A significantly greater percentage of JSATS tags were detected than PIT tags, the case study demonstrated. For example, about 98 percent of JSATS-tagged fish were detected at Ice Harbor Dam on the Snake River. About 13 percent of PIT-tagged fish were detected in the same stretch of river. As a result, studies using JSATS require using roughly one-tenth as many fish as those employing PIT tags, which helps further conserve the salmon population.

Survival estimates were similar between JSATS and PIT tags. Forty-eight percent of the JSATS-tagged fish were estimated to have survived migration between Lower Granite Dam and Bonneville Dam, which is the last dam on the Columbia before the Pacific Ocean. For PIT-tagged fish, 43 percent were estimated to have reached the same area.

Having flexibility in where receivers can be placed is advantageous, the authors reported. JSATS receivers can be located in both rivers and dams, while PIT antennas usually can only go inside fish bypasses at dams. Researchers can estimate fish survival for an entire river system when receivers are placed in more locations, the paper explains.

The team also compared JSATS' technical features with those of another acoustic telemetry system, the VEMCO system being used for the Pacific Ocean Shelf Tracking (POST) project along North America's West Coast. The VEMCO system is best suited for use in the slow-moving, open ocean when observing small numbers of large fish, the authors wrote. In contrast, JSATS was developed to study the migration of larger quantities of small juvenile fish in fast-moving rivers.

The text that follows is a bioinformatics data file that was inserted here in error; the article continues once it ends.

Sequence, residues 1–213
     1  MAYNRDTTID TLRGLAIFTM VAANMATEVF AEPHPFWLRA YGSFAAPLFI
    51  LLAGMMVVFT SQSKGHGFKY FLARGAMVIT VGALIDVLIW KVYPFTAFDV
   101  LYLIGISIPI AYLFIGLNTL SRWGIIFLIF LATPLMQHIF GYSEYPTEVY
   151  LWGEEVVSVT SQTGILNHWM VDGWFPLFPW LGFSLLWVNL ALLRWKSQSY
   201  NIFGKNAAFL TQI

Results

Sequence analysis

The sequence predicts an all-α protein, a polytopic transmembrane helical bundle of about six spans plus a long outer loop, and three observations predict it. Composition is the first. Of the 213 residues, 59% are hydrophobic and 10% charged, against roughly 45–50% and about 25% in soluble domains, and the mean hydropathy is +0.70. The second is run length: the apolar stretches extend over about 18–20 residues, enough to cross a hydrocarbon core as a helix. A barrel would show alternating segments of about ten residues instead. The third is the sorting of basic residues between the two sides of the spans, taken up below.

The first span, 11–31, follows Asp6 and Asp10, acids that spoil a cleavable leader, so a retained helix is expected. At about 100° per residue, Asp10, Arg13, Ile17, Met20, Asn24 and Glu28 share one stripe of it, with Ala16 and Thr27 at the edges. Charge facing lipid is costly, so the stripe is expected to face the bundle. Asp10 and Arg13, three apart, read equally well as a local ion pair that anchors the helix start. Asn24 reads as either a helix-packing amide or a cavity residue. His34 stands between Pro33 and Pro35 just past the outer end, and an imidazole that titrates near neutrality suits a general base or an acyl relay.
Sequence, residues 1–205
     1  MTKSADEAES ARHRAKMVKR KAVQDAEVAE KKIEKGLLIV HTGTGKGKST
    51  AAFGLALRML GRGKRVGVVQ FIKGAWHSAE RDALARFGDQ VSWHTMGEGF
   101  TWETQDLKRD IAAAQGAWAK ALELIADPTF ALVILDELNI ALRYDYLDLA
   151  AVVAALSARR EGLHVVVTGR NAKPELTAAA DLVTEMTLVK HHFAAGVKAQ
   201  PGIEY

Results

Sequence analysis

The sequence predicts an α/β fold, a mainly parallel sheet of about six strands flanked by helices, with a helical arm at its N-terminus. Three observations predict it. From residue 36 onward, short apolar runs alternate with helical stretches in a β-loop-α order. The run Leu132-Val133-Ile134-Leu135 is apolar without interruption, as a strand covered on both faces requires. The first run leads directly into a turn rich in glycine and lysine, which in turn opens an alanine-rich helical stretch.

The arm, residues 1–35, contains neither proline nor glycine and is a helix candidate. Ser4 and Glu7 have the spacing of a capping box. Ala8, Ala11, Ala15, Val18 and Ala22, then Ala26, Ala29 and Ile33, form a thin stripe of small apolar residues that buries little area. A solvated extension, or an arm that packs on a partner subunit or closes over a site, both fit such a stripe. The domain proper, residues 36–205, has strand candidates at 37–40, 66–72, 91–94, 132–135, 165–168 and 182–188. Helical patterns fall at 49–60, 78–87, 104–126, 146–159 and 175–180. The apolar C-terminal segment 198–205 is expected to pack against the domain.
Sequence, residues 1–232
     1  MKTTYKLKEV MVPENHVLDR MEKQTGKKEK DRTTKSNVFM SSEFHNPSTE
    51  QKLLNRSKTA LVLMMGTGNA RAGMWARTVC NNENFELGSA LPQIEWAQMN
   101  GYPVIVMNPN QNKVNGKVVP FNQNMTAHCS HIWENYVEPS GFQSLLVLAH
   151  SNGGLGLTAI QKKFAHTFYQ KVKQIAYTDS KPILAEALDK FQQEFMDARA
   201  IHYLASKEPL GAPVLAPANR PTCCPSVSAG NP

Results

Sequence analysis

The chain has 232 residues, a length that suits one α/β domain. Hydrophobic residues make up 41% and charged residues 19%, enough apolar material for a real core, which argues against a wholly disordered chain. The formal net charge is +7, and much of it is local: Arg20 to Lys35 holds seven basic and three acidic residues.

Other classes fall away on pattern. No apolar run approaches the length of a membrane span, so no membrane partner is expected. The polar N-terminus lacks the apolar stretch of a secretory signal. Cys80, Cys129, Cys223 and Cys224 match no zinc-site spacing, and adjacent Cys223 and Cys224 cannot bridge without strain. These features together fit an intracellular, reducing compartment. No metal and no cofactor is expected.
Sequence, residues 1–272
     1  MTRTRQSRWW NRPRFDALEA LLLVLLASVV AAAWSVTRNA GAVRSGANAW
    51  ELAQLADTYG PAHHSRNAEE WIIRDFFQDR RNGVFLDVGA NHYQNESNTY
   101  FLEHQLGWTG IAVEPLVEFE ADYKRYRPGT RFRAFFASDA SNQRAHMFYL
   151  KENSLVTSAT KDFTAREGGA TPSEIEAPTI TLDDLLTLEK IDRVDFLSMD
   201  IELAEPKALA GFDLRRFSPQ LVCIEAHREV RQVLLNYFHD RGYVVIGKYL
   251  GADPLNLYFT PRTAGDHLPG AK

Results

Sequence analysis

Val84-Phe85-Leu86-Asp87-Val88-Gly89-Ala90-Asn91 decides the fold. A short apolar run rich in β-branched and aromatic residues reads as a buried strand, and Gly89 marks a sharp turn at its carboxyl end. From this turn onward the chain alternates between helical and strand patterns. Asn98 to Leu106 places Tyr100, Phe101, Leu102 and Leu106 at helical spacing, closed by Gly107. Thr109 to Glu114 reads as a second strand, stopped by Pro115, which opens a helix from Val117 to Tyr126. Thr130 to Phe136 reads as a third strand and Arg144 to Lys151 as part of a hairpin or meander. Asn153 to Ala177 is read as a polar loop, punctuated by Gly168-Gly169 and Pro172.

A key difference between the JSATS and VEMCO systems is dry tag weight. JSATS tags weigh 0.43 grams and are the smallest acoustic tags available. VEMCO tags that have been used in Columbia River juvenile salmon weighed 3.1 grams. Previous research shows fish can bear a tag that weighs up to 6.7 percent of their body weight without significant adverse survival effects. That means JSATS tags can be implanted into fish as light as 6.5 grams, while VEMCO tags should be used in fish that weigh no less than 46.3 grams.

Another advantage of JSATS is that it is non-proprietary and available for anyone to manufacture or use. Because several companies have been able to competitively bid for the opportunity to produce the system's components, its cost has dropped in recent years. JSATS tags, for example, have gone from $300 per tag in 2005 to $215 in 2008. And JSATS tags cost $40 to $135 less than other commercially available acoustic tags in 2008. Proprietary interests have hindered the development of acoustic telemetry equipment in certain areas, the team wrote.